GPS Tells Driver to Turn Around; Car Ends Up Almost Vertical
MENDON, Vt. (AP) – Police in Vermont say a car ended up almost vertical when the driver swerved quickly in response to her GPS ordering her to “turn around.”
The car was suspended almost vertically on guide wires attached to a utility pole in Mendon on Wednesday night.
Police say Nabila Altahan of Dorchester, Massachusetts, was headed west on U.S. Route 4 when she passed her intended destination and the GPS gave sudden directions to turn around.
Police say Altahan reacted quickly to the instructions, leaving the road at a significant enough speed to propel the vehicle up the wires.
Neither Altahan nor her passenger was injured.
Alaska Whale-Watchers Rescue Swimming Deer in Distress
JUNEAU, Alaska (AP) – An Alaska whale-watching cruise turned into a rescue mission for an unusual aquatic species — a distressed, swimming deer.
The 18-passenger tour vessel from Gastineau Guiding Co. lassoed the struggling deer on Wednesday, pulled it on board and gave it a ride to an island, Juneau radio station KTOO reported.
Naturalist Audrey Benson said visitors and crew were watching whales when the boat received a radio transmission that deer were swimming in the saltwater on the west side of Shelter Island.
“We heard that there were two deer that were swimming across in the water,” Benson said. “So after we watched the whales for a bit our passengers were curious and wanted to see the deer, and so we motored over to them and it turns out there was only one.”
The deer appeared to be in distress. It was struggling to keep its head above water.
Benson, other crew members and passengers moved in, and with a rope, pulled the deer on board.
“The deer was immediately bewildered and disoriented and it was shaking a lot, it was shivering a lot,” she said.
“Its teeth were chattering. It tried to stand up but collapsed because it was so weak.”
The crew motored to Shelter Island and released the deer.
“It was the craziest thing I’ve ever seen on any of my tours,” Benson said. “I mean, you never know what’s going to happen but for a deer rescue — I’ve never even been that close to a deer, I’ve never touched one — and to have an opportunity to assist this struggling animal, it was very intense.”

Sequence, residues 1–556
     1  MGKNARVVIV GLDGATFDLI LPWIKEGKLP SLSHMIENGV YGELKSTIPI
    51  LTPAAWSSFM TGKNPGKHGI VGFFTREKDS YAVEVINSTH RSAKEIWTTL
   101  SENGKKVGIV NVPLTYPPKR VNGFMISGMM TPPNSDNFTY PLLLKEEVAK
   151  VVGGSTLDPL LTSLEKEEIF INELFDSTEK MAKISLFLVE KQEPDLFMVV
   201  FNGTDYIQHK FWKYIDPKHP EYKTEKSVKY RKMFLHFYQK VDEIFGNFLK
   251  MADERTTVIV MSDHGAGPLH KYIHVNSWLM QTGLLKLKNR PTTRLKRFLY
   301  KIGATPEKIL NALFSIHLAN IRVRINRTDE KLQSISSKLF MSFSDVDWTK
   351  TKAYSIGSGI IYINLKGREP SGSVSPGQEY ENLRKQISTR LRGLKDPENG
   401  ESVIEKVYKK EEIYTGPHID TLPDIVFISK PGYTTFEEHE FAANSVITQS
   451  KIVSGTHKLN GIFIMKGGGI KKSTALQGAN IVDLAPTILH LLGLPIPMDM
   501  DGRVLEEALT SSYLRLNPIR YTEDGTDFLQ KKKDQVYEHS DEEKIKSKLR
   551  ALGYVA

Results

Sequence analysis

They never saw the other deer and presume it drowned.
According to the Alaska Department of Fish and Game, deer regularly swim between islands in southeast Alaska and it’s uncommon for them to drown.
English Bar Blocks Cell Phones, Tries to Get Patrons Talking
LONDON (AP) – A new English bar offers something truly old-fashioned on its menu: the chance to talk to real people instead of staring down your cell phone.
The Gin Tub in Brighton has won rave reviews in its first week of business by installing a cell signal blocker and placing throwback rotary phones at its tables.
The Gin Tub is reckoned to be the only British pub blocking cell phones by using a Faraday shield built into its ceiling, an exception in Britain’s 2006 Wireless Telegraphy Act that otherwise outlaws the use of signal blockers.
Proprietor Steve Tyler says: “Mobile phones have killed pubs. When you go out socially, you don’t need social media.”
Donkeys “Speak” to Kids
(Reuters) – Mark Ineson, owner of “Real Donkeys” in Dewsbury, West Yorkshire, has been studying the animals for more than 20 years and says they are very emotive creatures.
Entertainment group Merlin Events has teamed up with “Real Donkeys” to offer donkey rides “with a difference” in London’s Jubilee Gardens.
New technology allows children to hear the animals’ sounds translated into English, and into full sentences.
“We get the nudges, we get the facial expressions,” he said, adding that like dogs, donkeys “give a paw, he lifts a leg to show his emotions that way,” said Ineson about his 12-year-old donkey named Carl, one of 17 donkeys he owns.
Some of Ineson’s donkeys have won awards such as “Best Beach Donkey”.
“[We] work very closely with them, day in day out, and pick up on their mannerisms, their emotions, what they’re thinking basically,” Ineson said.
Chloe Couchman, a spokeswoman at Merlin Events, explained that the technology behind the translators analyses the unique sounds, frequencies and vibrations of each donkey’s “ee-aww,” triggering a phrase that reflects what the donkey is feeling.
Families will be able to book free rides for children on the “talking donkeys” in Jubilee Gardens until Thursday.